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The London, Brighton and South Coast Railway (LB&SCR) A1 Class 0-6-0T locomotive was designed by William Stroudley. A total of 50 locomotives were built between 1872 and 1880. Initially, the class were designed to haul commuter trains on the heavily congested lines in South and South-East London, as well as operating through the Marc Isambard Brunel designed Thames Tunnel. The LB&SCR later introduced larger and more capable D Class locomotives which began being used for most of the company’s commuter trains. Nonetheless, the reliability of the A1 class was such that most were put to other work or sold on to other railways rather than being scrapped. Between 1911 and 1913 twelve of the A1s that had remined at the LB&SCR were rebuilt with new boilers and extended smoke boxes to become the A1X class along with a further four after the first world war.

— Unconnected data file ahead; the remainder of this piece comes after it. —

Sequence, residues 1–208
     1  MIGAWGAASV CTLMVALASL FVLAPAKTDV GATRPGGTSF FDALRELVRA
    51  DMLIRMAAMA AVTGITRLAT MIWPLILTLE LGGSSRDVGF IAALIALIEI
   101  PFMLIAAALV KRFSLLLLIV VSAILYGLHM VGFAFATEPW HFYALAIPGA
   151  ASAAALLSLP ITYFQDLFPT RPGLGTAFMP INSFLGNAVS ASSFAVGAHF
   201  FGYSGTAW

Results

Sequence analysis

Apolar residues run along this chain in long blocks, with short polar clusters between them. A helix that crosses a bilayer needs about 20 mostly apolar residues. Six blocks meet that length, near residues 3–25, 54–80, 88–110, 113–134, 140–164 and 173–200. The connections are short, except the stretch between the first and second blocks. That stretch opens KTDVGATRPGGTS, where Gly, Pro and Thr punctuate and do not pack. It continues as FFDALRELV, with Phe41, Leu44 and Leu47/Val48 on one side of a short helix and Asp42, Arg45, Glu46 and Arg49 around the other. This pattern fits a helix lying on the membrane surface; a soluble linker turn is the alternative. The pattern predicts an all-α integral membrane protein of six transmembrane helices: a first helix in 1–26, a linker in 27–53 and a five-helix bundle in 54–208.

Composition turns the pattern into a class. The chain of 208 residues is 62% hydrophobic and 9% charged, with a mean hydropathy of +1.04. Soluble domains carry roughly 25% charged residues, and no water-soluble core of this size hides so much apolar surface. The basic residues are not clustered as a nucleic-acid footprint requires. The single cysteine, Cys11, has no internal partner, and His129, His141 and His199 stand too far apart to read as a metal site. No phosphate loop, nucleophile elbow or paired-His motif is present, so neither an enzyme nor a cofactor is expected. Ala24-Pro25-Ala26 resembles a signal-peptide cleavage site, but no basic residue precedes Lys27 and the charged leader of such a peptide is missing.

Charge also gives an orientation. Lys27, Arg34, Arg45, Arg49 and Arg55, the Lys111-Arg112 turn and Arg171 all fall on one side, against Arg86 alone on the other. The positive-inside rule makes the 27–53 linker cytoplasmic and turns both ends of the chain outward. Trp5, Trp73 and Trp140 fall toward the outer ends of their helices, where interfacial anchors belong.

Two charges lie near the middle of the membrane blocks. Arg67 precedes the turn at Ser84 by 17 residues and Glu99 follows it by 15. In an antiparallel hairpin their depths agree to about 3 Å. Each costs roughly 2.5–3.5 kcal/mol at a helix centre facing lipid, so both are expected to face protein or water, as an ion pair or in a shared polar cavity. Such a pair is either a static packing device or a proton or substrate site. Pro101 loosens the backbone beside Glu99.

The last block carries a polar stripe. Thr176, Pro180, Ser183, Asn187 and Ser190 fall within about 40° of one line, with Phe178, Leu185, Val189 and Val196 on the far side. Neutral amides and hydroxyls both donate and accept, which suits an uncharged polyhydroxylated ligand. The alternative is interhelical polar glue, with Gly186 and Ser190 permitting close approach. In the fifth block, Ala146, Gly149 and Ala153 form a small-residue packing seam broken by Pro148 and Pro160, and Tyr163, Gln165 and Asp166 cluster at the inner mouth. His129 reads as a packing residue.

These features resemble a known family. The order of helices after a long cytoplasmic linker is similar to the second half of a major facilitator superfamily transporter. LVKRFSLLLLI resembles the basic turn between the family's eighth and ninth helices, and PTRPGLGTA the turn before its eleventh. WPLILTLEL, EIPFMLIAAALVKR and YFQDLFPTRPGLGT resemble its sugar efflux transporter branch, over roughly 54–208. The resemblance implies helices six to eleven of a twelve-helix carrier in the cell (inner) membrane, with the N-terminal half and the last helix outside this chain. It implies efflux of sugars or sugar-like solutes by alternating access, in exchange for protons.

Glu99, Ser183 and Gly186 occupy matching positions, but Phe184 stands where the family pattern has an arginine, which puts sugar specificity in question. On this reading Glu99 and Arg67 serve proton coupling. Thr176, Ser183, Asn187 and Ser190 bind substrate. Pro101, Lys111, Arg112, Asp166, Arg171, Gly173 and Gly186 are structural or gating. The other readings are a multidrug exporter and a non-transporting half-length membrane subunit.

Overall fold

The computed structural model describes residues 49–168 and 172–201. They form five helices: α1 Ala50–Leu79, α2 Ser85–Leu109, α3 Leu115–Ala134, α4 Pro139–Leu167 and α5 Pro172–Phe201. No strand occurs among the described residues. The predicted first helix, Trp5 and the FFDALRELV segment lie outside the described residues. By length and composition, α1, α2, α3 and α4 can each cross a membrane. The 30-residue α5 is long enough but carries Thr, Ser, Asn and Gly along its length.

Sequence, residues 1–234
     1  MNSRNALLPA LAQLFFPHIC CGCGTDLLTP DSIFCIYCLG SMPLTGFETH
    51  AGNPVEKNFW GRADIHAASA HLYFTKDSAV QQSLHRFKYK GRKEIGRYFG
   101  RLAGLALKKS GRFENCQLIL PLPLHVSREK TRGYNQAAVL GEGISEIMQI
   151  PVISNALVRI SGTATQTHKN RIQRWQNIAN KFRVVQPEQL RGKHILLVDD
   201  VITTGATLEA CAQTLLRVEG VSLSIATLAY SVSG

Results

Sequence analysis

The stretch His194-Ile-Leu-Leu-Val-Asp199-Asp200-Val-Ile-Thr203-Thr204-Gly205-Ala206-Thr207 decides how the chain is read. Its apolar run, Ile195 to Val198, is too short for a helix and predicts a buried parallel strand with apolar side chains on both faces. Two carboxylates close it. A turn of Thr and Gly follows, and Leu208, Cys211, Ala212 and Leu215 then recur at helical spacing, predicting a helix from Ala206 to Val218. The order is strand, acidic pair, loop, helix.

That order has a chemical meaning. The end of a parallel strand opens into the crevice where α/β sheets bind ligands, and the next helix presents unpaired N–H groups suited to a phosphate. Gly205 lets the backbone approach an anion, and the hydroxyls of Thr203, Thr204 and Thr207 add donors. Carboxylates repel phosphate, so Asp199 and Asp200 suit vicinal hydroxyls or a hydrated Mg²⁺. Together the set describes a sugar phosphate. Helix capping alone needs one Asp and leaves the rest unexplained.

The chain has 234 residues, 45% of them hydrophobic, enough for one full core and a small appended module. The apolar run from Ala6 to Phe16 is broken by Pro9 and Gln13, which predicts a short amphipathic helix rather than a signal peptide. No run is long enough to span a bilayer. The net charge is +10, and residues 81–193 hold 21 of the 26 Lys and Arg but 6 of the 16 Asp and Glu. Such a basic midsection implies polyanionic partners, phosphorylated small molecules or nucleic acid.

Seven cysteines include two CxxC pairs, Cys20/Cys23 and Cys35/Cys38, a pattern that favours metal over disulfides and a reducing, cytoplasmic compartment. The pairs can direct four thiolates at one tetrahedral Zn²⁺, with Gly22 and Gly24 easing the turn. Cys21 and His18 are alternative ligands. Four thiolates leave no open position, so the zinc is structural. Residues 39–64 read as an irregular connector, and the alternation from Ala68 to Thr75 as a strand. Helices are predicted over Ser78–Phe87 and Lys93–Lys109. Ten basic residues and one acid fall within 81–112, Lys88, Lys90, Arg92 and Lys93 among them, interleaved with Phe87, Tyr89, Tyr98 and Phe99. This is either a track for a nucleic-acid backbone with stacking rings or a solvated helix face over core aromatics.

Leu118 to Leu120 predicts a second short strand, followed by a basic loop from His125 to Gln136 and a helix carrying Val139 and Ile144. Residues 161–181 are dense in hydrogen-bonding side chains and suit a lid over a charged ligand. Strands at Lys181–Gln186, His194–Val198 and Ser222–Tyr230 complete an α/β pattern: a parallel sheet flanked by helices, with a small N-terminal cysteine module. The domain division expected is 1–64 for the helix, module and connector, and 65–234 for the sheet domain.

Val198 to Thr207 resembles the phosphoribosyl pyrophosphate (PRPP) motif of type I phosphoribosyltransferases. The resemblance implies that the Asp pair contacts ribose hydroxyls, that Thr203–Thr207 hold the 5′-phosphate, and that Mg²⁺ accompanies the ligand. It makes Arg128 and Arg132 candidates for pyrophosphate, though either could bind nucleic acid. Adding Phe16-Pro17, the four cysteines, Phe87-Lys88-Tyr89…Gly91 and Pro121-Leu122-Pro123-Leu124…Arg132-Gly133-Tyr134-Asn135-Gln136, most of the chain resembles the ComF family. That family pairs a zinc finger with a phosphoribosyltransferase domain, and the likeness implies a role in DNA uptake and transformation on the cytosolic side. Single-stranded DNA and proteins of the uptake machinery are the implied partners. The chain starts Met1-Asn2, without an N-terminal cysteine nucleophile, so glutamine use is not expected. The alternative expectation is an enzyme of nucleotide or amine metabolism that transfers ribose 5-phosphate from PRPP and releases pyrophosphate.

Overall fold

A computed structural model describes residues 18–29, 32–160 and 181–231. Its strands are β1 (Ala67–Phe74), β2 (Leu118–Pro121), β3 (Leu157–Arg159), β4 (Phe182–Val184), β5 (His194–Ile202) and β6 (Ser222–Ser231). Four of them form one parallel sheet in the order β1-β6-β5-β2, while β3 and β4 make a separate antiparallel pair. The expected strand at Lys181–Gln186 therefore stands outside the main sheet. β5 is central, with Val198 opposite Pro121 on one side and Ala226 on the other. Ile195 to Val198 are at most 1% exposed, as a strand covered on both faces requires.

The engines were famously known as ‘Terriers’ due to the distinctive 'bark' of their exhaust beat.
Built in 1872, this locomotive spent much of the first 30 years of its life working the suburban London lines as L&BSCR No. 70. When the L&BSCR decided to reduce its numbers of ‘Terrier’ locomotives, No. 70 was sold to the Rother Valley Railway (later the Kent & East Sussex Railway) in May 1901. Now painted blue and numbered No. 3 ‘Bodiam’, the locomotive was temporarily withdrawn from service in 1931, but returned to the line in 1933. After nationalisation ‘Bodiam’ was re-numbered No. 32670, continuing to serve on the K&ESR before being moved to Hayling Island. No. 32670 was withdrawn due to that branch's closure in 1963, but saved for preservation.
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